Jessica Rose’s Review
The Warden and the Wolf King as the last book of “The Wingfeather Saga” needs to wrap up all the questions that still remain from the other three books (and some new questions that the book itself makes). Will they ever return to Anniera? Can Kalmar and Artham overcome the monster within? Will the Hollowsfolk win the war? And who is Gnag the Nameless? Andrew Peterson answers all those questions and more in an exciting and unexpected way.
The Warden and the Wolf King has four different sections of the book. When I saw it, I was very happy because it is twice as long as the other ones (which means it might last me over a day). The sections are entitled “The Green Hollows”, “Skree”, “Throg”, and “Anniera”. They show the continuing story of every one of the characters we have met along the way. The book also has sections of a few pages put throughout the book telling the woeful and bitter tale of Bonifer Squoon.
Janner, Kalmar, and Leeli are still in the Green Hollows while they prepare for war but when the Fangs of Dang make the first move, chaos ensues. The Jewels of Anniera are separated! Janner is lost all alone in the hills where Ridgerunners and deserter Trolls roam. He is trying to get back to Ban Rona where unbeknownst to him a terrible battle is going on. Leeli is fighting Fangs with her newly-found weapon from the rooftops of the city. Kalmar is going on a mission to Throg without anyone else knowing. Meanwhile in Skree, an uprising is secretly going on. Artham became broken after finding out that his brother the High King had still been suffering all that time without him knowing and Sara Cobbler is trying to care for him. Maraly Weaver must face her father and decide whether to be a Strander and live, or be with Gammon and most likely be killed.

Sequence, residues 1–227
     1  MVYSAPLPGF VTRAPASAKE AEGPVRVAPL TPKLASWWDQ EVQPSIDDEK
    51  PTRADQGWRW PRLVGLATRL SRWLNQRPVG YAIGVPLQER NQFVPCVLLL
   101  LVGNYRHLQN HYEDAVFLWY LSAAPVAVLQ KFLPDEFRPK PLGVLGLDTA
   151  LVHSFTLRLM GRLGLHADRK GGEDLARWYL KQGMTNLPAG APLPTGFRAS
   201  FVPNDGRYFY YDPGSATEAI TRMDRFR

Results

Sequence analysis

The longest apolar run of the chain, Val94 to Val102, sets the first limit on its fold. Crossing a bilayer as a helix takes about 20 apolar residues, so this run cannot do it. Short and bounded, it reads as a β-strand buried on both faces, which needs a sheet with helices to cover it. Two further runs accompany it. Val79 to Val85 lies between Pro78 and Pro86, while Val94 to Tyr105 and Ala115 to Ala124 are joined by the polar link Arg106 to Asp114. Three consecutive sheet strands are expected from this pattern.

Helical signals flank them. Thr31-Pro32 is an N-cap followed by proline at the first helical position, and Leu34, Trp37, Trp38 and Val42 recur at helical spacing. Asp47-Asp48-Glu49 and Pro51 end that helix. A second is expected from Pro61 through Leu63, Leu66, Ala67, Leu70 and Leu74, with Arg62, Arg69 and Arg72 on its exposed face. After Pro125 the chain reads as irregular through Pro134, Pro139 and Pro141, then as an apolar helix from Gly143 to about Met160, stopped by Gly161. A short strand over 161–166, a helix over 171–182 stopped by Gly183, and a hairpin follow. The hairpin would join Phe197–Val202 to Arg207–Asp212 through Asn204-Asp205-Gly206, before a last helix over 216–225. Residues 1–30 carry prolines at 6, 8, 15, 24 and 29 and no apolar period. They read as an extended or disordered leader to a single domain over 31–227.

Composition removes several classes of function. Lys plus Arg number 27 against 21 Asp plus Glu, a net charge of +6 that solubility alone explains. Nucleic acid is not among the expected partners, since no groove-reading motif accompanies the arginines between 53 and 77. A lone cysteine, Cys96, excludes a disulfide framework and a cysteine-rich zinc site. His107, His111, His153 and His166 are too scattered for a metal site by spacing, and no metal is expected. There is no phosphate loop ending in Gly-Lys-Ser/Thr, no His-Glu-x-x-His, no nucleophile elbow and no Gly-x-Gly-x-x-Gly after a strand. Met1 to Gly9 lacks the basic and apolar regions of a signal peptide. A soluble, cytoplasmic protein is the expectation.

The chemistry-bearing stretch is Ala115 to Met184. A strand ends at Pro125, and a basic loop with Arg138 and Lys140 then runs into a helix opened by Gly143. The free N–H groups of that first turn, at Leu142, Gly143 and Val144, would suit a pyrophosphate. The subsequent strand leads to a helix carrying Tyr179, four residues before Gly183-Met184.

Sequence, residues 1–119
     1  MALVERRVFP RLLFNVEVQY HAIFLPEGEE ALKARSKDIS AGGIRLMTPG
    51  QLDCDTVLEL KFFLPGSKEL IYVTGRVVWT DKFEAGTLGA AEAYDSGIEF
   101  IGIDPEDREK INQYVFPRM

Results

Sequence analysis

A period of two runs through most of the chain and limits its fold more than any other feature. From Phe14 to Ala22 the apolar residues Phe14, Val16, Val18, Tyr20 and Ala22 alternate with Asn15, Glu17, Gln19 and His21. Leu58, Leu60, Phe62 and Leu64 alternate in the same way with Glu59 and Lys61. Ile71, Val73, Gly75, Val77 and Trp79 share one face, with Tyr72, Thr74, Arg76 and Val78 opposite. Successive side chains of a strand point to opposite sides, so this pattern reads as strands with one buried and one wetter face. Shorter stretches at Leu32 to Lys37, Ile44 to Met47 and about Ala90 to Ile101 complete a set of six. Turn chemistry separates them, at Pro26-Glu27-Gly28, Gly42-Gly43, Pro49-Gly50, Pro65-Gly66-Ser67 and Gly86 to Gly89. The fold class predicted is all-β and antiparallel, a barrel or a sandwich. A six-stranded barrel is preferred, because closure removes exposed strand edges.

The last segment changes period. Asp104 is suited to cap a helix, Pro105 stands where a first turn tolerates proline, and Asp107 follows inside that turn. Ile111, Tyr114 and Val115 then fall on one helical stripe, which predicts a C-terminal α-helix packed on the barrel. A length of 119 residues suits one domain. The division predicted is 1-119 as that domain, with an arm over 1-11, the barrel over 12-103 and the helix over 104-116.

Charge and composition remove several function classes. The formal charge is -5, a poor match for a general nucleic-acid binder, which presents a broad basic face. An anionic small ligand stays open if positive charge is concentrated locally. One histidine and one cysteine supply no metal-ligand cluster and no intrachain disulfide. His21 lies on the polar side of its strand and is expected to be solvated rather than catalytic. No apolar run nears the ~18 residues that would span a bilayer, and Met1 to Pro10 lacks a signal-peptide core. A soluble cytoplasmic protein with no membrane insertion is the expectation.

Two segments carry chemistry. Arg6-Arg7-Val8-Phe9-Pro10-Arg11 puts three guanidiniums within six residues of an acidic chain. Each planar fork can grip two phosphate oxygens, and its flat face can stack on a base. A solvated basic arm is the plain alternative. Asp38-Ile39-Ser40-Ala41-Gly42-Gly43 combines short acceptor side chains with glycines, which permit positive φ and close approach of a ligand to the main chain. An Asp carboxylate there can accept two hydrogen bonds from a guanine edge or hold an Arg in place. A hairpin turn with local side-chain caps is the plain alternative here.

Will the two Throne Wardens be able to protect the ones they love or will the possibility of death prevent them from doing so? Janner must decide whether to protect his young brother – his charge – the boy who is turning more into a Fang day by day, or turn back. Will Sara ever have a family of her own? Can Leeli stay strong and protect Ban Rona from the bat fangs? Will Artham conquer his shame? And can Kalmar keep the boy inside of the wolf alive long enough to do what needs to be done?
The young Wingfeathers discover that the way to conquer the enemy may be different than they all thought, and if they do win, what can they do to heal the world that he broke? The Warden and the Wolf King shows that remembering who you truly are will bring pain, love is real when you are willing to get hurt for another person, and that there is a price for healing. It is the astonishing, page-turning, meaningful, bittersweet, and sweeping finish to the Wingfeather Saga.
Recommended age: 11-110
Re-readability: In the words of myself, “most-definitely, of course, most-assuredly, positively, totally … YES!”
Bonita Jewel’s Review
On his thirteenth birthday, Janner is dropped off in the middle of a snowy forest and expected to find his way home. Blindplopped. It’s a Durgan Guild thing.
Spring is nearing in the Hollows, as Leeli trains hounds daily in the Houndry, preparing for war. But the battle finds them unprepared with winged Fangs descending on Ban Rona.
Kalmar’s courage in fighting the Fangs is passionate and sincere, but his fear constantly plays at the edge of his mind. How long until the beast looming in the shadows of his mind takes control? He chooses to embark on a secret mission. In the midst of the Blackwood, he and Janner discover an astonishing ruin, hear of an inexplicable dream, and find help from the most unexpected character.
In the closing book of “The Wingfeather Saga,” Andrew Peterson leaves the reader with a powerfully resounding message of belonging, acceptance, and the transforming power of love. He tells of a sacrifice – the seed of a new garden. The healing of bodies by a flaming glow “like the word that made the world.”
Recommended age: 11 and up.
[Note for parents: sensitive readers might be affected by certain parts toward the end of the story. No specific spoilers will be given, but I recommend that parents either read the books with their children in advance of their children, as the messages of love and sacrifice are powerful, yet poignant.]
Re-readability: In the words of my daughter, “YES!”